Toughening of Cement and Other Brittle Solids with Fibres
Abstract
In common with other brittle solids, cements are toughened much more by the incorporation of fibres than by inclusions of other geometries. The largest energies required to break a specimen are found when multiple fracture of the specimen occurs before final failure. Theoretical models of a crack moving normal to a set of parallel fibres will be considered, to show that the crack spacing and first cracking strain should depend on the area of fibrematrix interface per unit volume of composite. The first cracking strain is shown to increase for all fibre volumes provided that the fibre spacing is less than the critical flaw size according to the Griffith's equation. The theoretical models are compared with experiment and the practical difficulties of defining first cracking strain and interfacial area mentioned. The best practical means of assessing the resistance to failure of the composite is the work done per unit volume of the specimen in separating it into two distinct pieces. The maximum values of toughness attainable  some 10^{6} J m^{3}  can decrease with time under external weathering, owing to continuing hydration of the matrix and consequent increase in the critical volume fraction of fibres.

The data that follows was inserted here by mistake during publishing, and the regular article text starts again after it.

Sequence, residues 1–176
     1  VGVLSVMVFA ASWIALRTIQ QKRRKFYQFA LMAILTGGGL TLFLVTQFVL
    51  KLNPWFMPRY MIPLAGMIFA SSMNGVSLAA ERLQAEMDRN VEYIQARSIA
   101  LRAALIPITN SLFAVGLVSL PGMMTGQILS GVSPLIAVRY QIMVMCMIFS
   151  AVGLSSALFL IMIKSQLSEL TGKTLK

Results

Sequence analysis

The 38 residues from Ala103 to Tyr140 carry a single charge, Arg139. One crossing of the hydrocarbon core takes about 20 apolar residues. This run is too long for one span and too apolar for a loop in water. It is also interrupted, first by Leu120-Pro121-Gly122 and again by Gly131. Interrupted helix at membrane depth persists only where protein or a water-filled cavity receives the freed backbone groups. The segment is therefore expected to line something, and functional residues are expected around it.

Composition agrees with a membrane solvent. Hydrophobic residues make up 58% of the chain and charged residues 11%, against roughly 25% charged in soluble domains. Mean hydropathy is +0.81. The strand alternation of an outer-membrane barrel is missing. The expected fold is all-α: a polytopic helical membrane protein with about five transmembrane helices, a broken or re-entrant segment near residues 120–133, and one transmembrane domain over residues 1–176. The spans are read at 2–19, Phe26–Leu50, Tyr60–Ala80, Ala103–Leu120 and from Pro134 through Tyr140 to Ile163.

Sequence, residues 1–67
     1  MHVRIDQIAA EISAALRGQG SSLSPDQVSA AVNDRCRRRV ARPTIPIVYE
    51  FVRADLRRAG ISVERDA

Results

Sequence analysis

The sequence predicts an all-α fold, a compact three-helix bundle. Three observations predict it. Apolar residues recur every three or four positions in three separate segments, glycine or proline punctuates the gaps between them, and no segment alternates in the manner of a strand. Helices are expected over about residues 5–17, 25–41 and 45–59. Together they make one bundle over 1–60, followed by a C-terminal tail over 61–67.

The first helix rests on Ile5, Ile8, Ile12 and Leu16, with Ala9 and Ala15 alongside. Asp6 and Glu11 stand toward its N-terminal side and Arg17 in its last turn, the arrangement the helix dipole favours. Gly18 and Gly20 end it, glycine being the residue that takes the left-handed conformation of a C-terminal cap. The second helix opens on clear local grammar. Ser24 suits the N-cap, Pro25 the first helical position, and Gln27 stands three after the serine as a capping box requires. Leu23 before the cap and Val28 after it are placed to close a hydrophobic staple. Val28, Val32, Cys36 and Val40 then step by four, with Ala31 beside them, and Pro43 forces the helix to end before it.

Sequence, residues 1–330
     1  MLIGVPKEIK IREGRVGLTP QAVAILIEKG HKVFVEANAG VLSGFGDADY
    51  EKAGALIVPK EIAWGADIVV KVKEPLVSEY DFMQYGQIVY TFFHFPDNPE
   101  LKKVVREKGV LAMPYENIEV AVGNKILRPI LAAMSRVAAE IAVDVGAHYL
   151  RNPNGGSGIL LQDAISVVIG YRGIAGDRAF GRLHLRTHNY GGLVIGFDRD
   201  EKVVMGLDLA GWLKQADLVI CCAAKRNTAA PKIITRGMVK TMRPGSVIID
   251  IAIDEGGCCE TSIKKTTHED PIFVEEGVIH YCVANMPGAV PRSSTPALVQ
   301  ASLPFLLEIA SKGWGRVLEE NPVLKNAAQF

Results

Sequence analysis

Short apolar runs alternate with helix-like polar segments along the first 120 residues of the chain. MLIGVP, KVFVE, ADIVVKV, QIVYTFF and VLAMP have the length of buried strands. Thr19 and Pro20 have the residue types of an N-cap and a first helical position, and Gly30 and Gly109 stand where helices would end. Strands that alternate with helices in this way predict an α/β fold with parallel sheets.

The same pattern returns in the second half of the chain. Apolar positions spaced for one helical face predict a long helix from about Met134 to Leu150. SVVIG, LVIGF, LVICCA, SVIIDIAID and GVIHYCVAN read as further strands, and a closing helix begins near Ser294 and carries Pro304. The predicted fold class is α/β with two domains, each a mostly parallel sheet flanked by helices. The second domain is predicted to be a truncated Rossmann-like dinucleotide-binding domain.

Publication:

Philosophical Transactions of the Royal Society of London Series A
 Pub Date:
 September 1983
 DOI:
 10.1098/rsta.1983.0076
 Bibcode:
 1983RSPTA.310..175H